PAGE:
Effect of New Zealand Blackcurrant Extract on Physiological Responses at Rest and during Brisk Walking in Southeast Asian Men: A Randomized, Double-Blind, Placebo-Controlled, Crossover Study

Willems, Mark E. T., Parktin, Nisakorn, Widjaja, Waree and Ajjimaporn, Amornpan (2018) Effect of New Zealand Blackcurrant Extract on Physiological Responses at Rest and during Brisk Walking in Southeast Asian Men: A Randomized, Double-Blind, Placebo-Controlled, Crossover Study. Nutrients, 10(11) (1732). ISSN 2072-6643

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Abstract

New Zealand blackcurrant (NZBC) extract affects cardiovascular and metabolic responses during rest and exercise in Caucasian men. Ethnicity and nutritional habits may affect responses to nutritional ergogenic aids. We examined the effects of NZBC extract on cardiovascular, metabolic, and physiological responses during seated rest and moderate-intensity exercise in Southeast Asian men. Seventeen healthy Thai men (age: 22 ± 3 years; body mass index (BMI): 21.8 ± 1.1 kg·m−2) participated. Resting metabolic equivalent (1-MET) was measured (Oxycon™ mobile, Germany), and an incremental walking protocol was completed to establish the relationship between walking speed and MET. In a double-blind, randomized, placebo-controlled, crossover design, cardiovascular (Physioflow, n = 12) and physiological responses (Oxycon, n = 17) were measured during both seated rest and a 30-min treadmill walk at five metabolic equivalent (5-MET), with either a seven-day intake of placebo (PL) or two capsules of NZBC extract (each 300 mg capsule contains 35% blackcurrant extract) with a 14-day washout. Paired t-tests were used with significance accepted at p < 0.05 and a trend for 0.05 > p ≤ 0.10. During 30 min of treadmill walking at 5-MET, no differences were observed for heart rate and substrate oxidation. With intake of NZBC during treadmill walking, there was a trend for increased stroke volume by 12% (PL: 83.2 ± 25.1; NZBC: 93.0 ± 24.3 mL; p = 0.072) and cardiac output increased by 12% (PL: 9.2 ± 2.6; NZBC: 10.3 ± 2.8 L·min−1; p = 0.057). Systemic vascular resistance decreased by 10% (PL: 779 ± 267; NZBC: 697 ± 245 dyn·s·cm−5; p = 0.048). NZBC extract had no effect on metabolic, physiological, and cardiovascular parameters during seated rest and exercise-induced fat oxidation in Thai men, in contrast to observations in Caucasian men. During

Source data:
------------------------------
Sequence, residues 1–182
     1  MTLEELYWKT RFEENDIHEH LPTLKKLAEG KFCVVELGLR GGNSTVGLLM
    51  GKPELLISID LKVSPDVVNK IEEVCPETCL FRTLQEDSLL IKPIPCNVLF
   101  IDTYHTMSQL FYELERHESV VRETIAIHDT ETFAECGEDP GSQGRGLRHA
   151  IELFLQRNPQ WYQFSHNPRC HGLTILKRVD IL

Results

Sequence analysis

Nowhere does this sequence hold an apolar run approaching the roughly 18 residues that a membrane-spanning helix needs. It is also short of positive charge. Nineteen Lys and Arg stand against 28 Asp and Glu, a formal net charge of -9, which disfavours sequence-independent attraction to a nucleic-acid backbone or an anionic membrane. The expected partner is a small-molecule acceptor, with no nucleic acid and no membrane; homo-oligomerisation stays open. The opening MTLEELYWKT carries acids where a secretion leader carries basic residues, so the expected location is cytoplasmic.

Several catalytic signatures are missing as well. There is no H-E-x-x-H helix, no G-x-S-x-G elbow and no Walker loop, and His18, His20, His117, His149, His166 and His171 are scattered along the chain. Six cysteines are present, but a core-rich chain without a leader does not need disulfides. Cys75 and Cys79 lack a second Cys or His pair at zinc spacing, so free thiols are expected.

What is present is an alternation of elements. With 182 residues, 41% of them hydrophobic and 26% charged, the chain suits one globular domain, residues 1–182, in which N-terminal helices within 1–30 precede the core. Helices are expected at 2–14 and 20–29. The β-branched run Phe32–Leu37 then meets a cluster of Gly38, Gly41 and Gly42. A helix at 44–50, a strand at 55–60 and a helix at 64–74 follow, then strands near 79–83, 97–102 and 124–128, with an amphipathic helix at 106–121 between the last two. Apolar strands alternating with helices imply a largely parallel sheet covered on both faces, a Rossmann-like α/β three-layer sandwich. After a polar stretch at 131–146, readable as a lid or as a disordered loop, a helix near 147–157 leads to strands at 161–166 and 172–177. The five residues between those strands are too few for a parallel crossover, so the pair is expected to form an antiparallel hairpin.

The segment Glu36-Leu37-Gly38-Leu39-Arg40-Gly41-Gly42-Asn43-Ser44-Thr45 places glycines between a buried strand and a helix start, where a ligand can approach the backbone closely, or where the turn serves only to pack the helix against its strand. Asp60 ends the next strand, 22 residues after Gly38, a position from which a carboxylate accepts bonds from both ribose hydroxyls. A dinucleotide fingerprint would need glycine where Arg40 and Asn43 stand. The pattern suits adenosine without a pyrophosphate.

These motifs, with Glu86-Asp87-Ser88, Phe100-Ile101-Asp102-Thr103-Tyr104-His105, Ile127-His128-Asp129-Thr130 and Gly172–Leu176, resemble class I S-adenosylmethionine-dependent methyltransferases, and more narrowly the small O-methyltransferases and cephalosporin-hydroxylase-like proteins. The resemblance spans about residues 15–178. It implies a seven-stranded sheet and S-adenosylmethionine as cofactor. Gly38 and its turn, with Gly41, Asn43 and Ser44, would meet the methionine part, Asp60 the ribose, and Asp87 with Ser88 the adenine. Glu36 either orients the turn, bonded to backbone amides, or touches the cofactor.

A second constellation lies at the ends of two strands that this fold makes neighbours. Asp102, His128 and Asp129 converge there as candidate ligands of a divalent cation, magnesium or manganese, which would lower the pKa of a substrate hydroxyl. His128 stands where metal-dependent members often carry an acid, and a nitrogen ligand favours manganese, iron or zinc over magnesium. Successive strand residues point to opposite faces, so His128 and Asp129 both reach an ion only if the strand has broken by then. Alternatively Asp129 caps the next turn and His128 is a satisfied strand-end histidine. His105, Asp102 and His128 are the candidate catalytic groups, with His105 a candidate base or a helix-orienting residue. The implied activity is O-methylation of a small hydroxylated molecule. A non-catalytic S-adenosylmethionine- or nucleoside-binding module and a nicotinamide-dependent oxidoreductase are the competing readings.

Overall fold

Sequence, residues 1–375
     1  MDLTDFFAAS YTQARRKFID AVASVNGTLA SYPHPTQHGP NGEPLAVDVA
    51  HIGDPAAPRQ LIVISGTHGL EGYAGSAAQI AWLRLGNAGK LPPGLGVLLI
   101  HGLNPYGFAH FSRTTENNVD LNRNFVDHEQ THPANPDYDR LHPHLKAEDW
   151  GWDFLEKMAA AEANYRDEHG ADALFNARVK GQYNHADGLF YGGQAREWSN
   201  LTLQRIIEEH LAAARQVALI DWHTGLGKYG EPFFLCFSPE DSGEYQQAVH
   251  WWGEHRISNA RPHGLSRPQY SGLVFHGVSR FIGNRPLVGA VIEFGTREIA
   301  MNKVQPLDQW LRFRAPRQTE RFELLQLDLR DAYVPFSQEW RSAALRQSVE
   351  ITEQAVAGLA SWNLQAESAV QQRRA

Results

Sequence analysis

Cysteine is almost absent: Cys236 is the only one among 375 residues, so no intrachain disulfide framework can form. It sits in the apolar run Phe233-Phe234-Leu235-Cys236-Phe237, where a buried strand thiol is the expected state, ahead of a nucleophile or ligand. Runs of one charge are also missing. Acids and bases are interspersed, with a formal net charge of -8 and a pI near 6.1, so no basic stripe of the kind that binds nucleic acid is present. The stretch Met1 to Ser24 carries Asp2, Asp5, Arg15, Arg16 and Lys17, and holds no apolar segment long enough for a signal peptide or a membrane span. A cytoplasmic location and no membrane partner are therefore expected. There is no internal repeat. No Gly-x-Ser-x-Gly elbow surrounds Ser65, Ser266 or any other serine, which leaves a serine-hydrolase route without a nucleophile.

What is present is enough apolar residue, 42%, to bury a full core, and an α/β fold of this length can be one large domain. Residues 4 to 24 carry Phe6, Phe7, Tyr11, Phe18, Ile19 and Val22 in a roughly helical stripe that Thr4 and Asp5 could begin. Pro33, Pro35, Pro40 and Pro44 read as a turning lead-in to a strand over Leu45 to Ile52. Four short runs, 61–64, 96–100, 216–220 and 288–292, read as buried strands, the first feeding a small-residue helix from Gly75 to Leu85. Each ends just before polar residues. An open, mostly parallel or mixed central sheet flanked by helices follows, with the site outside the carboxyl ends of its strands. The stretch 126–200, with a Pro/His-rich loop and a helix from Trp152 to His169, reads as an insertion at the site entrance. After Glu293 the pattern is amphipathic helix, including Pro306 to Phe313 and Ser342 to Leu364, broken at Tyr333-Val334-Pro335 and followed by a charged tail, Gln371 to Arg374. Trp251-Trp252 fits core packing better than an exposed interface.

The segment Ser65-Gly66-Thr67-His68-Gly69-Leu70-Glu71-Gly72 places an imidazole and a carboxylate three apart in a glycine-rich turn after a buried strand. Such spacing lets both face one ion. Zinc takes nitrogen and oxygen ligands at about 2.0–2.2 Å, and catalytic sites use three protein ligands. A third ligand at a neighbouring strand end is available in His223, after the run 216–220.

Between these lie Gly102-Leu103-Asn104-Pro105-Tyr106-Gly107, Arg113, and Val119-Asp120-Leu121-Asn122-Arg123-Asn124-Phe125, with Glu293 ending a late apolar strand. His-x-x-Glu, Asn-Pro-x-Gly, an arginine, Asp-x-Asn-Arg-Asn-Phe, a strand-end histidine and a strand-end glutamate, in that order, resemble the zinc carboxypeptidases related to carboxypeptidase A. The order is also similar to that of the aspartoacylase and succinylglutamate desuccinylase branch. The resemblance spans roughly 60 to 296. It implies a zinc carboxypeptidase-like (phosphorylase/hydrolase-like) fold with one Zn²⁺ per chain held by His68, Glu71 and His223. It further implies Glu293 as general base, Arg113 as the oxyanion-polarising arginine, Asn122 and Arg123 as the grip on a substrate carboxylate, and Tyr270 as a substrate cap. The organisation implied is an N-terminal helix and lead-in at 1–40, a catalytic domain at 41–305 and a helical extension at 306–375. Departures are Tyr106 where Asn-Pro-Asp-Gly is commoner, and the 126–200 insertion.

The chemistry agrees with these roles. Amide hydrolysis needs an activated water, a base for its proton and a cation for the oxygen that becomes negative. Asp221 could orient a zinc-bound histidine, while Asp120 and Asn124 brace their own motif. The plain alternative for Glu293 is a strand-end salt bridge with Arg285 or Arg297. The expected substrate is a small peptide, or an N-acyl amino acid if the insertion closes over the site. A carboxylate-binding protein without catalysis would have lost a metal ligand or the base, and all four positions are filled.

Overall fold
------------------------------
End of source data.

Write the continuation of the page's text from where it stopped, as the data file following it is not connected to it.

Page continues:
treadmill walking, Thai men showed cardiovascular response, indicating vasodilatory effects during moderate-intensity exercise with the intake of NZBC extract. Our findings suggest that the ergogenic responses to anthocyanin intake from New Zealand blackcurrant may be ethnicity-dependent.

Item Type: Article
Uncontrolled Keywords: anthocyanins, cardiovascular function, ethnicity, health promotion, indirect calorimetry, sports nutrition, substrate oxidation
Subjects: G Geography. Anthropology. Recreation > GV Recreation Leisure > GV557 Sports
Q Science > QP Physiology
Divisions: Departments > Sport and Exercise Sciences
Related URLs:
Depositing User: Mark Willems
Date Deposited: 15 Nov 2018 13:29
Last Modified: 29 Nov 2018 15:15
URI: http://eprints.chi.ac.uk/id/eprint/3969

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